Earlier this week, Virginia Governor Bob McDonnell withdrew support for a bill that would require women seeking abortions to undergo transvaginal ultrasounds. McDonnell backed down due to public outrage over the idea that the GOP (you know, the party who don’t like government intervention in people’s lives … only their vaginas) felt it had the right to enforce a medically unnecessary, highly invasive procedure that is somewhat akin to state-sanctioned rape, and that – hypocritically for a proposal from the party opposed to state healthcare – turns doctors into servants of the state before they are servants of their patients. McDonnell stepping away from the bill might sound like a victory for rationality, but it’s hardly a resounding one, as the bill seems fated to end up looking like several other ultrasound laws, “only” requiring an external, abdominal ultrasound.
Given the disgusting and very literal invasion of women’s bodies that this bill represents, it may seem somewhat crass and/or beside the point to use the ultrasound bill to discuss audience theory, but as I’ll argue, what this bill and its abdominal-only brethren say about women as audiences and as citizens is every bit as disturbing as the acts of physical invasion that have justifiably come under fire. Virginia’s Republican Party didn’t seem to care about the means (the ultrasound), only the ends (women as audiences of ultrasound pics), but those ends require as much criticism as the repulsive means.
Advocates of such bills argue that the ultrasound will offer a woman “more information” so that she can make “a reasoned choice,” but what they’re clearly relying on is the idea that when a woman sees a picture of the fetus, she will fall in love with it, maternal instincts will magically kick in, and she’ll now see it as a human being that needs her protection and a “Mommy’s Sweetie” layette from Babies ‘R’ Us. This is a remarkably naïve notion of how audiences work. Or, rather, it’s third person effects in operation, wherein one’s own reaction to an item of media is trusted to be sophisticated, whereas a worried-about other’s is not. Here, women are imagined to be that third person (itself posting the normative “us” as men), and to be a simpler audience, one whose hormones and feminine frailty lead to having more reliably passive, simplistic, and easily-engineered responses to media.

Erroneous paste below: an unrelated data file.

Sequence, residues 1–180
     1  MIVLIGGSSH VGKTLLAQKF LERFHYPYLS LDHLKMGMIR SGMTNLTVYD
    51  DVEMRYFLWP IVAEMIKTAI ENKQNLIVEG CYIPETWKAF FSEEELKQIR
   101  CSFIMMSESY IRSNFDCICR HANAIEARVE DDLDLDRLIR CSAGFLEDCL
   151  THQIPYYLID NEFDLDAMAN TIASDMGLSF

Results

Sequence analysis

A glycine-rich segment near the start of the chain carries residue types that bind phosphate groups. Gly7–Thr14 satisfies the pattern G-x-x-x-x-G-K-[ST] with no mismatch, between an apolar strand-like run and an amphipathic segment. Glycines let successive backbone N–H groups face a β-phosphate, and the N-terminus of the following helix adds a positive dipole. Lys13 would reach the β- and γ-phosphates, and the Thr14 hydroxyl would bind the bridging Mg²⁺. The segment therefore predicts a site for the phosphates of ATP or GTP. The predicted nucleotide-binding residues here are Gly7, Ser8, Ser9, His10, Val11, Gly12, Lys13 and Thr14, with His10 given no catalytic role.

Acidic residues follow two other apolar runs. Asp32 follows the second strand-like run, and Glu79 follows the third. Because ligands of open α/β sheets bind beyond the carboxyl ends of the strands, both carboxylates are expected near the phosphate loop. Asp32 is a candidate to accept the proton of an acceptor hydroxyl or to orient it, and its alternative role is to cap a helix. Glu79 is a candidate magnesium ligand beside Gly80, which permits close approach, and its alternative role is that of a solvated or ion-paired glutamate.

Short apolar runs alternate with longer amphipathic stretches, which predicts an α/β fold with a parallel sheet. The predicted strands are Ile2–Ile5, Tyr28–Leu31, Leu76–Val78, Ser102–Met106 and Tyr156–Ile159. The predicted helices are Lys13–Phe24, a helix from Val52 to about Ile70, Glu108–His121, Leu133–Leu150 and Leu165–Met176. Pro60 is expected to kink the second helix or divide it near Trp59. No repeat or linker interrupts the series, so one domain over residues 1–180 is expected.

Let’s get something straight, though: ultrasounds don’t necessarily make a fetus look all that human-like. Here’s an example (published with approval of the mother):
Now, maybe your Rorschach-reading skills are better than mine, or maybe you’re more adoring of all things baby, and you therefore look at the above picture and see a cute little baby. Personally, it looks like an alien to me. Republican ultrasound bills believe, though, that women will all be overcome by the babyness of such images, and they don’t consider that maybe a woman will look at such a picture and think of her fetus as even less of a human being, as intruding and unwanted.
The bill therefore seems as well-considered as might one that requires women seeking abortions to read a poem from a Hallmark New Baby card (“Babies are a blessing …”). Or perhaps anyone seeking a divorce will soon need first to attend statewide viewing sessions of When Harry Met Sally? Or maybe Gitmo will soon start a program of showing photos of happy picnicking families with Labrador puppies to suspected terrorists as a way to “turn” them.
But the bills don’t just betray a belief in women as simple audiences; they go a step further in encouraging the state to take advantage of the supposedly doltish female audience and engineer their responses. The Virginia bill came under heavy fire (as it should have) because of how physically invasive it was. But behind all the ultrasound bills is the idea that the government could or should determine and design women’s media exposure, not simply in the tried-and-true fashion of censoring this or that, but by dictating that they must look at certain images. Welcome to Clockwork Orange. Programs for drunk drivers and others found guilty of certain crimes have long paved a path of requiring audiencehood, but we’re seeing an expansion of said path to allow for forced media consumption by those whose life choices worry the state. The notion behind such bills is that the state will determine what media women need to watch, listen to, or look at (once again, by the party that says it doesn’t like government involvement in people’s lives).
In doing so, the bills attempt to stigmatize behavior that isn’t illegal, but that the GOP would like to see as illegal, thereby creating a second tier of citizens who haven’t actually violated any standing law but whose current actions supposedly require monitoring and then disciplining through media exposure. They tell us that one group of citizens needs extra surveillance and attention. No surprise, given the misogyny of many other bills and statements of late, that this group is women (as rendered clear by bills designed satirically to instead put men in the cross-hairs, such as a Georgian proposal to criminalize vasectomies, for instance, or another that would require that men seeking Viagra be subjected to prostate exams). And thus while the conception of how state, media, female audience member, and citizen are related that undergirds this bill may seem of less immediate importance to us as feminists than the invasive nature of the procedure, I’d pose that this conception needs as much resistance and criticism inasmuch as it opens up yet more ways to legalize women’s inferior status. The belief in the passive audience isn’t “just” a theory – here it’s become the precept to repressive policy.